IT service management is about delivering sustainable value to the business from the use of technology. It is not about defining the best process. It’s not about assigning process owners or service level managers. It is not about implementing a tool or resolving incidents or problems. It’s not even about managing change. It is about delivering value to the business from services. If you want to build an IT service business you better clearly understand the four aspects of IT services.

Those four aspects are identified in this graphic and the first definition to understand is the

Four Aspects of Service Definition Economic Focus by Ron B Palmer
Four Aspects of Service Definition Economic Focus

conceptual economic definition.

Four Aspects of Service Definition

There are two and only two ways to deliver economic value. You can produce goods or you can produce services. There is no other way. The business decisions needed to produce goods are very different from the business decisions needed to produce services. One of the fastest ways to go out of business is to organize your business around producing goods when you are in a service market.

IT service management draws a line in the sand stating that Enterprise IT exists to deliver services. Many IT departments have a difficult time understanding this when they deliver physical products such as servers and laptops. The point they miss is that an Enterprise laptop is about as useful as a brick without the services provided via the laptop such as network connectivity, business applications, communications connectivity, etc. The value is not in the individual having a laptop, it is in the outcomes that the individual produces for the business using the laptop.

Goods and services are opposite ends of the value spectrum and most businesses actually deliver a combination of the two. You can think of goods and services as existing on opposite ends of a continuum. New car dealers clearly sell goods in the form of cars. However, they wouldn’t be able to sell many cars if they didn’t include a service warranty with the purchase. Likewise restaurants clearly provide a service in preparing, serving, and cleaning up after your meal. The meal is a good, but you wouldn’t go to a restaurant without the service, you would go to the grocery store instead.

There are significant differences between goods and services and understanding these differences is critical to your success in ITSM. These differences are clearly defined in every Economics 101 text book and if you want to be successful in ITSM you should clearly understand these differences. An good discussion of Economic Goods and Services can be found in Wikipedia and I recommend this as a key place to start.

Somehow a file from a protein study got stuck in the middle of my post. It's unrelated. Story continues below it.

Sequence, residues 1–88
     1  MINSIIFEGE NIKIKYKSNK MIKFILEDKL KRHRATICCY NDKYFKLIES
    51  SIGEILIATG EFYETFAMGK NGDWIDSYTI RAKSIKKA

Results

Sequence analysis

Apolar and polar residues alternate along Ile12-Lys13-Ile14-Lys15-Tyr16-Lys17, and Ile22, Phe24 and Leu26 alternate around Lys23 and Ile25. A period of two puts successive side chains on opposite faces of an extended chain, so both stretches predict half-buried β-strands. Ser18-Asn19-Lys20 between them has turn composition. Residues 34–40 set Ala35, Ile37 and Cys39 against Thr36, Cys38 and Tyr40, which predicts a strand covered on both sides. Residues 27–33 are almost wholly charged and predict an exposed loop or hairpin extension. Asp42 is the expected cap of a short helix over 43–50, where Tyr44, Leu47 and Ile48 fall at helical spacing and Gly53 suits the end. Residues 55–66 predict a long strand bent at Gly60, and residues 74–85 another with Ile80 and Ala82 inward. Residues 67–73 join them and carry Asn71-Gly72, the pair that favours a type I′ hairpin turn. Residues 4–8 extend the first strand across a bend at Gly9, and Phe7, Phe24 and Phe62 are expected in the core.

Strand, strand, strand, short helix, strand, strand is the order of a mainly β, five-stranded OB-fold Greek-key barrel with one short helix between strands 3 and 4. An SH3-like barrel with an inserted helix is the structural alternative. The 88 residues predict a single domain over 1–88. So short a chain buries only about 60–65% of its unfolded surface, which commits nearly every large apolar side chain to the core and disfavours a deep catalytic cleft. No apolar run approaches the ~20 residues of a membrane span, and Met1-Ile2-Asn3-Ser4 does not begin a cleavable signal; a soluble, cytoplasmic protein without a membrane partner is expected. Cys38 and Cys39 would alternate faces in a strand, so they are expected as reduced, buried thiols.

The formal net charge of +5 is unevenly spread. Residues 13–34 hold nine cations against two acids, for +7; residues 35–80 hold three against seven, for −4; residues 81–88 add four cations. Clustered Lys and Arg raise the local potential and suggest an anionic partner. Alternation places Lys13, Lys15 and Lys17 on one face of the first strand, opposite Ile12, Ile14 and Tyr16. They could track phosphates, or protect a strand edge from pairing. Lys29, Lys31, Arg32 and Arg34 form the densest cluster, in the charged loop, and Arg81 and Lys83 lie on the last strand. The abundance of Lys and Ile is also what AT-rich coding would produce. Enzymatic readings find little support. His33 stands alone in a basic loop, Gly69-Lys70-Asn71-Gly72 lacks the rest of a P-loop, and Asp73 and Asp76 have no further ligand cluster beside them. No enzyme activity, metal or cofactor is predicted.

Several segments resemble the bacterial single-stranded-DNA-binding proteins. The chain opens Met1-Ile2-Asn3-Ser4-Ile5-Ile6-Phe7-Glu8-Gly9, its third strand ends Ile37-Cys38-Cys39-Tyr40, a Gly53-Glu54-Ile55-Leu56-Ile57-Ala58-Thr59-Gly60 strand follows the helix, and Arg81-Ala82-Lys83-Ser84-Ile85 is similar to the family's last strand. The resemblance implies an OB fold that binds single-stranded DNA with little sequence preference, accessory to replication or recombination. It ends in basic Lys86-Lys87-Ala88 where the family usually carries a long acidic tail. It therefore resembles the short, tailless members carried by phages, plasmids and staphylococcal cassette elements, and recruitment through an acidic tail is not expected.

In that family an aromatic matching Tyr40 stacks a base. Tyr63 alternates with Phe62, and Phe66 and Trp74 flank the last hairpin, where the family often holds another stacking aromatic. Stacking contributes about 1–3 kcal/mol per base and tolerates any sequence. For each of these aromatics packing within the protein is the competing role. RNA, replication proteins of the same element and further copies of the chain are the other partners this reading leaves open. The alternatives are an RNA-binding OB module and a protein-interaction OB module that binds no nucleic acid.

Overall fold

The first step in building an IT service business is to understand services as economic concepts with unique characteristics that distinguish them from economic goods. These distinctions dictate the rules of successful production and sales. If you attempt to produce services the same way you would produce goods, you will provide inadequate services. If you try to sell services the same way you might sell goods, you are likely to go hungry.

An excellent discussion of how successfully selling services differs from selling goods can be found in a Harvard Business Review Article by Warren J. Wittreich titled, How to Buy/Sell Professional Services.

From there the advanced definition provided in the ITIL Service Strategy book will make a lot more sense and become a lot more useful as the third aspect of services. Their new definition and introduction of the terms utility and warranty are very useful to an advanced conceptual understanding of economic services. These two aspects combined provide the conceptual underpinning for services as the building blocks of a value producing IT Service Management organization. There are two types of building blocks that you will use in building your service management organization, business transactions and technology transactions.


Ron B Palmer
Ron B Palmer

Ron B Palmer is an internationally recognized expert on IT Service Management who also writes on strategy as it applies universally irrespective of its application in business, war, or politics. Ron’s approach is grounded in concepts such as quality, systems theory, complexity, fractals, and Economics. Ron holds the ITIL Service Manager and ITIL Expert certifications as well as numerous ISO/IEC 20000 certifications.